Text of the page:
Tuesday, February 8, 2011

Dickman Project Overview

The goals of this DOE-funded project were to develop innovative 3D seismic attribute technologies and workflows to assess the structural integrity and heterogeneity of subsurface reservoirs with potential for CO2 sequestration. Our specific objectives were to apply advanced seismic attributes to aide in quantifying reservoir properies and lateral continuity of CO2 sequestration targets.

Our study area (Figure 1) is the Dickman field in Ness County, Kansas, a type locality for the geology that will be encountered for CO2 sequestration projects from northern Oklahoma across the U.S. mid-continent. Since its discovery in 1962, the Dickman Field has produced about 1.7 million barrels of oil from porous Mississippian carbonates (Figures 2 and 3) and basal Pennsylvanian sandstone (Figure 4) that locally develops on a regional MIss-Penn unconformity surface. The Dickman field includes a small structural closure at about 4400 ft drilling depth. Project data includes 3.3 square miles of 3D seismic data, 142 wells, with log, some core, and oil/water production data available. Only two wells penetrate the deep saline aquifer. Geological and seismic data were integrated to create a geological property model and a flow simulation grid.

We systematically tested over a dozen seismic attributes, finding that curvature, SPICE, and ANT were particularly useful for mapping discontinuities in the data that likely indicated fracture trends. Recently we have been studying spectral decomposition as a way to detect additional channel details and fracture trends.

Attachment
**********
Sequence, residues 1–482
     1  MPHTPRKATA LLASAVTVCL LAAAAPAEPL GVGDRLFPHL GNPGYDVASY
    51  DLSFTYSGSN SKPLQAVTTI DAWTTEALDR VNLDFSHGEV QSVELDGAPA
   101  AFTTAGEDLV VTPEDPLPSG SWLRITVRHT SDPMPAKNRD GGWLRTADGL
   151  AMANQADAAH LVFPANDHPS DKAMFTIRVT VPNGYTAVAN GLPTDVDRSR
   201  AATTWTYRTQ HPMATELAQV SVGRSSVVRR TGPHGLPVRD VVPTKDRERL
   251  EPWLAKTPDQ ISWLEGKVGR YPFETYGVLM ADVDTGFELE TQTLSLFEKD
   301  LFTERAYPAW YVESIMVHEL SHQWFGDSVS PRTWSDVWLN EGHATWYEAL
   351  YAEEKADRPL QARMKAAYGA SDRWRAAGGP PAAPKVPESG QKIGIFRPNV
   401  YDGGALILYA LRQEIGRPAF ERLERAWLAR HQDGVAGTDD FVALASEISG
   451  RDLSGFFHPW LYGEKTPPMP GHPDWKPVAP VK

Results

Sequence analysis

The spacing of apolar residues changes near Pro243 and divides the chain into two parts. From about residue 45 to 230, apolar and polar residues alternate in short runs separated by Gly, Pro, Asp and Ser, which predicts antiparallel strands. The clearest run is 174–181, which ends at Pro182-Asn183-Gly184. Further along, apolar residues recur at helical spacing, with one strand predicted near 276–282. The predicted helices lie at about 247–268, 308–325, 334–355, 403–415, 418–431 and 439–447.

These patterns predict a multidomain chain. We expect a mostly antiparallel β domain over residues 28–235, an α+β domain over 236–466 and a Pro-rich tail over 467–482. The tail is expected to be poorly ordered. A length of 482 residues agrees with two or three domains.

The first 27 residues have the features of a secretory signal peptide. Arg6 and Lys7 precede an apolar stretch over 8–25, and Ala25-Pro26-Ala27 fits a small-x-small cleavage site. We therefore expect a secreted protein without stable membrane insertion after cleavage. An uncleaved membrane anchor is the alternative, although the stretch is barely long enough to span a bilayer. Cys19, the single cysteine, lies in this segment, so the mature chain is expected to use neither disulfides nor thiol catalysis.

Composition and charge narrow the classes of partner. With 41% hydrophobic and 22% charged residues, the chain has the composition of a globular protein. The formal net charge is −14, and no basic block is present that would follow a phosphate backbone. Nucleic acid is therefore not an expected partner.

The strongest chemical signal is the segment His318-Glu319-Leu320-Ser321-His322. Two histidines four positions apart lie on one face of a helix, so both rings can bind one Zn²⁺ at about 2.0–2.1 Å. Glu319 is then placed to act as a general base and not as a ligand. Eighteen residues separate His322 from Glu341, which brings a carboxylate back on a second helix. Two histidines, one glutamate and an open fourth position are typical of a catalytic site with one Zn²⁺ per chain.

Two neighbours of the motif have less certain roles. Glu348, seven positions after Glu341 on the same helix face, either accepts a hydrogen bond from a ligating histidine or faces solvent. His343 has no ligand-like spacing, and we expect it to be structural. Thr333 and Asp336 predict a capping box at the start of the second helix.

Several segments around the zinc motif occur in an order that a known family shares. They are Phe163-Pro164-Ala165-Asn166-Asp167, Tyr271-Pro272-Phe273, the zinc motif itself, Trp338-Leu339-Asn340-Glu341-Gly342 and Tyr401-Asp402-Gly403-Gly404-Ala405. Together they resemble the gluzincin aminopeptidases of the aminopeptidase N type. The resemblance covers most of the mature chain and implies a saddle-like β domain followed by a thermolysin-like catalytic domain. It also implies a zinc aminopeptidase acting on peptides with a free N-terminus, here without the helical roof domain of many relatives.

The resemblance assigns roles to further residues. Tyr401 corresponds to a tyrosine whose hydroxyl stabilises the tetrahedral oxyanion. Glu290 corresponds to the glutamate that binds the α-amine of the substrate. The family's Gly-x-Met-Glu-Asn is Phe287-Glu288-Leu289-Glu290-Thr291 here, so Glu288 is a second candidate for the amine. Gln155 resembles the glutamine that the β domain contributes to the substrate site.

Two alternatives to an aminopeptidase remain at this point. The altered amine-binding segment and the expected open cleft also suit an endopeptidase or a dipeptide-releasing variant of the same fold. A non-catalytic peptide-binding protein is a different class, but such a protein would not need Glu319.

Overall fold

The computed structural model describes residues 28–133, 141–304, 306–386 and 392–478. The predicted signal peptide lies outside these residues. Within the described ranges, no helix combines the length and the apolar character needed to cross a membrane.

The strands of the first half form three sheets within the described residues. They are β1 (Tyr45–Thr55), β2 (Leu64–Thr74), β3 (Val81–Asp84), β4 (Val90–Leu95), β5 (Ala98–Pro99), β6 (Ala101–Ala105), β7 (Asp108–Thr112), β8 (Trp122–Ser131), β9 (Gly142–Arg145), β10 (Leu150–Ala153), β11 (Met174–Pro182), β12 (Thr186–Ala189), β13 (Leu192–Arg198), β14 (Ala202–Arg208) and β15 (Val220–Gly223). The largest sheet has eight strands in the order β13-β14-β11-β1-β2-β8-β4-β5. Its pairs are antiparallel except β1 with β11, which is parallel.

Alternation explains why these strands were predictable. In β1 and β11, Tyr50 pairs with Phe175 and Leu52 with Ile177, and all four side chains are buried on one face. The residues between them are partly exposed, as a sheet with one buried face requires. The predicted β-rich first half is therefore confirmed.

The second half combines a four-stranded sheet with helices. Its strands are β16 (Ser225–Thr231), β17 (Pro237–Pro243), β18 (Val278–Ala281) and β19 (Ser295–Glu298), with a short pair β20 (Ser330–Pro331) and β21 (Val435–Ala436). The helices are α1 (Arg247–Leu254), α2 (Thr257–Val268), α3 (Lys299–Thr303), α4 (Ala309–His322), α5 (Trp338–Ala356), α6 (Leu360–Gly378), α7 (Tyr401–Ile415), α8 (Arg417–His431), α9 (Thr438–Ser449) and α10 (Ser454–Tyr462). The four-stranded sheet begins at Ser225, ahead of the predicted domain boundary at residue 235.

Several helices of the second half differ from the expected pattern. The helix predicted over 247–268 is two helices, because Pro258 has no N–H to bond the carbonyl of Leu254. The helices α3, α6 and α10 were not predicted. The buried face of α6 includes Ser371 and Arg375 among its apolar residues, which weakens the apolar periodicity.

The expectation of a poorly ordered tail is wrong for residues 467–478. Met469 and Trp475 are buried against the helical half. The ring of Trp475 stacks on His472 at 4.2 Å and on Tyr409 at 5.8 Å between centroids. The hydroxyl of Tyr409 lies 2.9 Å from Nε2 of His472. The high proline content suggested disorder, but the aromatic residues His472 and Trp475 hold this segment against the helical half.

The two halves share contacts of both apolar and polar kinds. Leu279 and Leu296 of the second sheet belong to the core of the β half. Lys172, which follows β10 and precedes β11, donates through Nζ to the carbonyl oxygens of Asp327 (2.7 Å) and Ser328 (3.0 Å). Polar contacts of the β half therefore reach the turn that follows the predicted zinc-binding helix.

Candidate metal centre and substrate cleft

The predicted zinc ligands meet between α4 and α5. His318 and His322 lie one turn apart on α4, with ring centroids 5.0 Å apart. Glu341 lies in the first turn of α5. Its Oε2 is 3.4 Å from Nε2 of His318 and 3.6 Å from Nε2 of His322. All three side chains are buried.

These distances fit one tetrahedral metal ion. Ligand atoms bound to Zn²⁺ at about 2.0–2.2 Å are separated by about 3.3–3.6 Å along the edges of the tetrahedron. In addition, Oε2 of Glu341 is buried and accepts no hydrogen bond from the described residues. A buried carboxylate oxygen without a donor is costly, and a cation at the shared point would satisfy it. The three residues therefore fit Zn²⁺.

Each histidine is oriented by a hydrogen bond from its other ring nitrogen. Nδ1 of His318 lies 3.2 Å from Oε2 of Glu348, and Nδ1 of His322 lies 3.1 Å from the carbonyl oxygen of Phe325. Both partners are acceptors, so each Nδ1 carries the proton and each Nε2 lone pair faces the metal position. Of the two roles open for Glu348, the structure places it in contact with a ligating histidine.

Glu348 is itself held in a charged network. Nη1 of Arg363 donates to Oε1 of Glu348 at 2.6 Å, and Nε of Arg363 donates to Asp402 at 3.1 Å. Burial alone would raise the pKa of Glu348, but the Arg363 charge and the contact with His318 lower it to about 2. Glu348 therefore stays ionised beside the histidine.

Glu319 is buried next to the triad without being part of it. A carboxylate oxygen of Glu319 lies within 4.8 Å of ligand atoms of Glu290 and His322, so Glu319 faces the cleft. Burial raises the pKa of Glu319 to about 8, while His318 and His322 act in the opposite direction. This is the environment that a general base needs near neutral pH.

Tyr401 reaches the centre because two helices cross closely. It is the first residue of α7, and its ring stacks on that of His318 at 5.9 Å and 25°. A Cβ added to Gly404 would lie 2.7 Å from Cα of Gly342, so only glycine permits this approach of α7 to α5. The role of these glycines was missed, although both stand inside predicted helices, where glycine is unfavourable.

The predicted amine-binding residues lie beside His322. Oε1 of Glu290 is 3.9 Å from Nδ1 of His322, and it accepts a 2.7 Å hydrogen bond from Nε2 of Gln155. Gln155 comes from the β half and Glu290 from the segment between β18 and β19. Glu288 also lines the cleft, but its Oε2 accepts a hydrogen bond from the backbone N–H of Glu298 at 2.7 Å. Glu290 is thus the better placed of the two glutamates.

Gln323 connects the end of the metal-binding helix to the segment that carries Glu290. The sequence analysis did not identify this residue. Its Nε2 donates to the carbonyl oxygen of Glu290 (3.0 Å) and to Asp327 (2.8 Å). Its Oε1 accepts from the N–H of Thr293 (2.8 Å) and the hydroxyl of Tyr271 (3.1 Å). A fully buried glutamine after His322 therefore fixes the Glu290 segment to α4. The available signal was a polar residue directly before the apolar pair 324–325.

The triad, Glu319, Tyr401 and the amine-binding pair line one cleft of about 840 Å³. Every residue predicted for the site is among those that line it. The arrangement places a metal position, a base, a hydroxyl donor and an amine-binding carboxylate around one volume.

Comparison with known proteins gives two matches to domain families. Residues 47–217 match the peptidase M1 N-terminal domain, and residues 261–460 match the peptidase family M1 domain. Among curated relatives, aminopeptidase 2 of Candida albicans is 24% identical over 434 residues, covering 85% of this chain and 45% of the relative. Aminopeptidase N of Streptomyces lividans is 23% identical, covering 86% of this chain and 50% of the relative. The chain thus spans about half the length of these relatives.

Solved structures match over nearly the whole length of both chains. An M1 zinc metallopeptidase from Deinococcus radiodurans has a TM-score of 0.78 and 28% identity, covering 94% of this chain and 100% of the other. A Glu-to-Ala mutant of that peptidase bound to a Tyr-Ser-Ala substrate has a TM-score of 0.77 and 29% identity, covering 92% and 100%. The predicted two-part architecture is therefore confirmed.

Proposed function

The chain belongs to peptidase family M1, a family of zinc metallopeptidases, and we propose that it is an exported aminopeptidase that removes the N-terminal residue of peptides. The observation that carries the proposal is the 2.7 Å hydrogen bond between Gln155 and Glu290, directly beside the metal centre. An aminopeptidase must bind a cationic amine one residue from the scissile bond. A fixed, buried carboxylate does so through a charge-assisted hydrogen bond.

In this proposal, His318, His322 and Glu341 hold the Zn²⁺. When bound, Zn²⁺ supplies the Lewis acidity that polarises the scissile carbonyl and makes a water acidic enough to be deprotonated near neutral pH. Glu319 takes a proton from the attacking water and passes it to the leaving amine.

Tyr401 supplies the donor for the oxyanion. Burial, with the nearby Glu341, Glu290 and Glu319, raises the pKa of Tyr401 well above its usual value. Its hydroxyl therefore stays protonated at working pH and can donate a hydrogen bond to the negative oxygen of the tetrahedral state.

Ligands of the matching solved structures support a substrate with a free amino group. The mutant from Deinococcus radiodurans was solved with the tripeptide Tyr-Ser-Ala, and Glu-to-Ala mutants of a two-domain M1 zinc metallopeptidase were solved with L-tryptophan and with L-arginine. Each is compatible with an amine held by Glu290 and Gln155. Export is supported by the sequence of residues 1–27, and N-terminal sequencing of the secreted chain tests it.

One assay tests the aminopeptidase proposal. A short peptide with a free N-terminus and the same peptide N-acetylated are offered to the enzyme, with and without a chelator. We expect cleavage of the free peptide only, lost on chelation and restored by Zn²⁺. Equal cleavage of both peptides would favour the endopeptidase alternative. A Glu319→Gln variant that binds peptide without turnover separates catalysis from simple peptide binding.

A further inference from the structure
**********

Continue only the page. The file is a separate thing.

Our simulation results in the deep saline aquifer indicate two effective ways of reducing free CO2: a) injecting CO2 with brine water, and b) horizontal well injection. A tuned combination of these methods can reduce the amount of free CO2 in the aquifer from over 50% to less than 10%.

Figure 1. Dickman field site and description of available data.

Figure 2. Annotated type log for Dickman project area (black circle in Fig. 1).

Figure 3. Chart to the left is the stratigraphic rank accepted by the Kansas Geological Survey (Sawin et al., 2008). The chart to the right shows correlation to Dickman local stratigraphic units, with higher confidence correlations in bold. The blue vertical bar indicates the target strata for Dickman research.

Figure 4. Time slice through 3D amplitude volume at 850 ms (approximate top Miss level) showing clear evidence of incised channel. Geological interpretation along highlighted line on right.

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